Firstly, I hope all my American colleagues and friends are enjoying Thanksgiving. Happy holidays everyone!
I especially hope that all the IT professionals who work in the consumer retail markets get some rest because this coming Monday is Cyber Monday, one of the biggest days for online shopping transactions in the business year. Cyber Monday is part of the holiday season, which Forrester defines as November through December, and as our recent retail forecast report for 2013 points out, we expect online sales to top $78 billion in the US alone. Cyber Monday is not just a US event though; even in the UK, spending is forecast by Sage Pay to be more than £500m for this one day alone.
These figures highlight how digital our world has become. There is no need to go out in the cold or the rain as purchases can be made via mobile devices at any time or anywhere. This move to the digital world means that for many consumer retail companies, their websites and increasingly their mobile apps are now key to their success as they are becoming a major revenue and brand image contributor.
This means, from an IT perspective, it’s essential that the business technology management strategies (people, process, and technology) for these digital offerings meet the experience requirements of revenue-generating customers. With this, I believe that the foundation to good business technology management is your monitoring strategy, and a couple of weeks ago, my report on Guarantee Business Value From Technology Monitoring went live on Forrester’s website. The report outlines a blueprint for holistic business technology monitoring based on my own practitioner experience in this space plus a number of primary research interviews that I carried out in July and August this year:
Steps 1 to 3 focus on best practices with regards to the governance of monitoring strategies, centralizing monitoring functions, and integrating with Service Desk or wider customer service operations. Step 2 addresses exactly what is to be monitored and what defines a healthy digital offering, because it’s not just performance and availability; application design and human computer interface (HCI) are equally important. A mobile app or website may be up and seemingly performing well, but what matters is your customers' perception of this.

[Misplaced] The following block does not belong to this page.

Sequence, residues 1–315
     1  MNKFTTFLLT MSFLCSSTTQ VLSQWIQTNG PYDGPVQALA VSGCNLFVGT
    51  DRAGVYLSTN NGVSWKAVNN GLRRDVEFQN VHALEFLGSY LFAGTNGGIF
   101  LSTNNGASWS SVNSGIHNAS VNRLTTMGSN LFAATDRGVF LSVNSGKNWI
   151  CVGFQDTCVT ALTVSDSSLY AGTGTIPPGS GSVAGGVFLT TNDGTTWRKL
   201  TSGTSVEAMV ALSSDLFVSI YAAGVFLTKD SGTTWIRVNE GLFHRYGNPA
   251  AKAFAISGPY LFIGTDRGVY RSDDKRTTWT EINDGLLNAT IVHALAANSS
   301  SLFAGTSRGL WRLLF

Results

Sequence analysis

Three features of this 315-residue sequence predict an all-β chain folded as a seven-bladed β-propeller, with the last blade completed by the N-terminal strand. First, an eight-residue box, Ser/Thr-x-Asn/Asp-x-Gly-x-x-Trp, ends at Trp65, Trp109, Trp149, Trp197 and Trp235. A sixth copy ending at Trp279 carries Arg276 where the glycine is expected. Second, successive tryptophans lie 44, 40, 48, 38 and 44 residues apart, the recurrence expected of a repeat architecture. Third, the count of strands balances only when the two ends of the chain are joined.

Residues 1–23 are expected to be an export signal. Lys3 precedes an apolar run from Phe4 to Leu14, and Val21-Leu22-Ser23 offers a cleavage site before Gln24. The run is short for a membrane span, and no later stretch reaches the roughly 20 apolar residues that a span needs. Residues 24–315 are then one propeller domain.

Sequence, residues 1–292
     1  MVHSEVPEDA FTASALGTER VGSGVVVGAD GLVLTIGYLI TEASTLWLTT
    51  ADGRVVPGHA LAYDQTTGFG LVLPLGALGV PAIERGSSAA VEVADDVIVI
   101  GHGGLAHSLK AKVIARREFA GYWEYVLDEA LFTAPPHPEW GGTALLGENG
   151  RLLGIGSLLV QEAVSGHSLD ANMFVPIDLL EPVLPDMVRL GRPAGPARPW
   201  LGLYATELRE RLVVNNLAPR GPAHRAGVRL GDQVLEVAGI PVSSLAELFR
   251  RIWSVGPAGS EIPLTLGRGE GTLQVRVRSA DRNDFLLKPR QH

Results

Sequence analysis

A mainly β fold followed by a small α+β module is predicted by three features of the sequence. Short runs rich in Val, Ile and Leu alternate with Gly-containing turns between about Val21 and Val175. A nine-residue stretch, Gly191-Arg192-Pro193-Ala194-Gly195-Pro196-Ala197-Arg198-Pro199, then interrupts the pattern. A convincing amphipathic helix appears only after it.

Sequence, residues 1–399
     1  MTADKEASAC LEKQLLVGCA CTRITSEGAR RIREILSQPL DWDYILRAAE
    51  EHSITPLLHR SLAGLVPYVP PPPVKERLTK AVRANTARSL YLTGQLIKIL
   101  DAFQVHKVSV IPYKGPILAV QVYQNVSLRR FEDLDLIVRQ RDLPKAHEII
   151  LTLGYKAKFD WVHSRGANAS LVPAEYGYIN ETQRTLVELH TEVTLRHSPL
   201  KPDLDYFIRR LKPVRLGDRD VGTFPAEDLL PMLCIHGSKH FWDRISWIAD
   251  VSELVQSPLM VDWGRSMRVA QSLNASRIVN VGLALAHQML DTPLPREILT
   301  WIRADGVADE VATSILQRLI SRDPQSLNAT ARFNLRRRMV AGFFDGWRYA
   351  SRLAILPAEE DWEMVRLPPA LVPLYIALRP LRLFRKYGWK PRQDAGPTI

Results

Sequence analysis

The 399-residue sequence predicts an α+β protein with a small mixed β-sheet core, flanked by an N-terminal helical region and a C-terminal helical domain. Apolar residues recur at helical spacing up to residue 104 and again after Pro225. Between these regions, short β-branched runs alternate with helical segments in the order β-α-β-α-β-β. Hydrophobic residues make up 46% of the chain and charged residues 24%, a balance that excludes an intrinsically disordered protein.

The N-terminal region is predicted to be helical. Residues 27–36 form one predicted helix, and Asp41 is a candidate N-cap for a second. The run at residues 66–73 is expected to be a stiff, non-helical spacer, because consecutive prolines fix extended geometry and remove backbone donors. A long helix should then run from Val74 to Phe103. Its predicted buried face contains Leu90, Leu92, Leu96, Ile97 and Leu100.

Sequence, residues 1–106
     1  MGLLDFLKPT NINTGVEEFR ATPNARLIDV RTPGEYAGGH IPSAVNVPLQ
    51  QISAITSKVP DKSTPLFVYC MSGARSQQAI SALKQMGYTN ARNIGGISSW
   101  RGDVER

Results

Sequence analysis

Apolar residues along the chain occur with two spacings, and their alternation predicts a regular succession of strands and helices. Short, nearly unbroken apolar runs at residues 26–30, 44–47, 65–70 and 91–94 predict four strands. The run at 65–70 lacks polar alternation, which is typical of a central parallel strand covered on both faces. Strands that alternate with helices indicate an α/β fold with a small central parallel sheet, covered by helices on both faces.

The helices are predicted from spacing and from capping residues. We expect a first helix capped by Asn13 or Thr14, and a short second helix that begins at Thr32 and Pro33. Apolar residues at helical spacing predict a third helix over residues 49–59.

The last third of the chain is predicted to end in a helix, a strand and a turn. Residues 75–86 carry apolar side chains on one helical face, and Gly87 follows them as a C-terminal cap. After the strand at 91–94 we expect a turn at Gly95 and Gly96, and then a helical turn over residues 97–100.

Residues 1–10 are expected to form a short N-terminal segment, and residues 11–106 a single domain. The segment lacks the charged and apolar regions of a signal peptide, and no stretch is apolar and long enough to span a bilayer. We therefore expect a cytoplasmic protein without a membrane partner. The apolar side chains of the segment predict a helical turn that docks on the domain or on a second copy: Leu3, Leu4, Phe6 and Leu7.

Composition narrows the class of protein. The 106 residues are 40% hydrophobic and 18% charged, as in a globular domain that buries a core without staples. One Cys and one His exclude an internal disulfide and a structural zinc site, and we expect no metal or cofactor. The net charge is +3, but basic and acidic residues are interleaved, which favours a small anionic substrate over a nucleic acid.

Steps 4 to 6 focus on choosing the right monitoring technologies to be part of your business technology monitoring portfolio. The reality is that one solution will not provide all you need; the rapid growth in application performance management (APM) and related analytics solutions means that decisions here are crucial and can be daunting. My advice is to focus on end-to-end or systemwide monitoring with a particular focus on how you are going to monitor the customer’s experience of your digital offerings. You also need to address how these solutions will be integrated into your existing technology service management (ITSM) practices. Will the service desk have automatic tickets generated? What detail will they be provided with, etc.? Step 6 is equally important in making sure that the solutions are able to convey information in context to their audience.
Finally, step 7 is all about continuously re-evaluating your approach to monitoring and ensuring that new digital offerings or changes are being monitored appropriately. Your monitoring approach should also be able to feed valuable insights back to your business, as these could potentially be used to tailor new competitive strategies.